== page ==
On #SelfCare

We’ve all heard the adage “You can’t pour from an empty cup.”

‘Tis true, but allow me for a second to break through the noise of the world to offer a differing perspective.

I believe this philosophy came about in the millennial generation, stemming from feelings of being used and taken advantage of. But if all else fails, we can always blame the feminists. Whom, I also believe to be the creators of such sentiments as “To become a wife and mother are not the pinnacle of womanhood”; and the oldie but goody, “I am more than a baby making machine,”; and the ever cringeworthy “What about meeeeee?”


In this millennial age of self-care, we seemed to have strayed further away from basic human principles like caring for the poor, sick, and elderly (James 1:27), to adopt a self care philosophy which really just sounds selfish. I get it, okay? You can’t be all takin’ care of people if your feet ashy and your nails are overgrown. So you have to take a day or two out of your busy schedule of fighting injustices on twitter and praying for the people on the side of the road who you had to ignore because you only had $5 left and was in desperate need of a latte. Grande, because you’re trying to save.

I get it. But consider that if you find yourself drained from pouring, you may be pouring from the wrong vessel. Allow me to explain. When Jesus met the woman at the well, He told her that He could give her water that would quench her thirst forever (John 4). On that same trip his disciples urged Him to eat to keep up His strength for their journey. Jesus told them that He had food coming from sources they couldn’t even imagine. Spoiler alert, he wasn’t talking about physical food. He was talking about food for the spirit.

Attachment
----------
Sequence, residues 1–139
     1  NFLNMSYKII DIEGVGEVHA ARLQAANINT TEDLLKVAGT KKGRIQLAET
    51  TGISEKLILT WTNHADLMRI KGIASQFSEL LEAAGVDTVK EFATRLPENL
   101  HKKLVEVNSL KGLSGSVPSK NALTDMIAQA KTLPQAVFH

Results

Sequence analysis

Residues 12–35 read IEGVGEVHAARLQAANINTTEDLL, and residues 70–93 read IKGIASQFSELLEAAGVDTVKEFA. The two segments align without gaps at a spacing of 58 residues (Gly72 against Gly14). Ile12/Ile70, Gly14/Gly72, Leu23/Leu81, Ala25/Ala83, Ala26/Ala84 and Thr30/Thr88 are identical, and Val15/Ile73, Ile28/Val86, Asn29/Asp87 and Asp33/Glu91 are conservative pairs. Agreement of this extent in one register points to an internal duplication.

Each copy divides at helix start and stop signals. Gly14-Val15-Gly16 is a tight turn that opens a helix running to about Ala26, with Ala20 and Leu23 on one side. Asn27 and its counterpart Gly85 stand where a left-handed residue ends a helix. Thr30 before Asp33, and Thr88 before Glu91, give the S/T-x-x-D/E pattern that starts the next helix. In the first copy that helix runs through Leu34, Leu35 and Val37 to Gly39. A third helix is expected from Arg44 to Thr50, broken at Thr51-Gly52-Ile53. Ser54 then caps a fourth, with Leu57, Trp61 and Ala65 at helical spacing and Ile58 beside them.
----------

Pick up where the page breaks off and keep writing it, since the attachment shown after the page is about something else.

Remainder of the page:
What we seem to have forgotten is that we are spiritual beings first. Typically, infirmities in the body stem from a poor spirit, so if you find yourself weary from caring for others or troubled spiritually about people not returning the favor, it may be that you are not doing it for the right reasons. Seriously, ask yourself this question right now: Was I only being nice so that I can call in a favor later? Do I have The Godfather syndrome?

What has happened is that a misunderstanding of the Sabbath has been passed down for generations to it’s present form, which is #selfcare. The commandment was for us to remember the Sabbath day and to keep it holy. Now, first of all, this commandment was given under the old covenant, meaning that it was given by God before Jesus was sent here. Once He was crucified, His death served as the fulfillment of the law which means that we are no longer bound by it. Those who are in Christ are governed by the Holy Spirit.

Now, for ages people have argued about what day the Sabbath should fall on. Did God rest on Saturday or Sunday? What qualifies as work? What if my job makes me work on weekends? This way of thinking about the Sabbath greatly detracts from the whole point: rest. A word which, in the 14th century meant to “rely on for support.” Matthew 12 details a story in which one day Jesus was walking with His disciples through some fields of corn. His boys got hungry so they started picking corn to eat. Just then some pharisees came by on some stop and frisk business asking Jesus why His friends were working on the Sabbath. Jesus had to let them know that He was the Lord even of the Sabbath! That wasn’t enough for them, so they followed Jesus into the synagogue where He healed a man with a withered hand. They asked Jesus if it was lawful to heal on the Sabbath. Jesus answered with a question of His own. He asked how many of them, having only one sheep and that sheep so happened to fall into a pit, would not go out and rescue his sheep, even on the Sabbath. Jesus knowing the answer to this question told the pharisees that of course it was lawful to do good on the sabbath. Why is that even a question? (My words)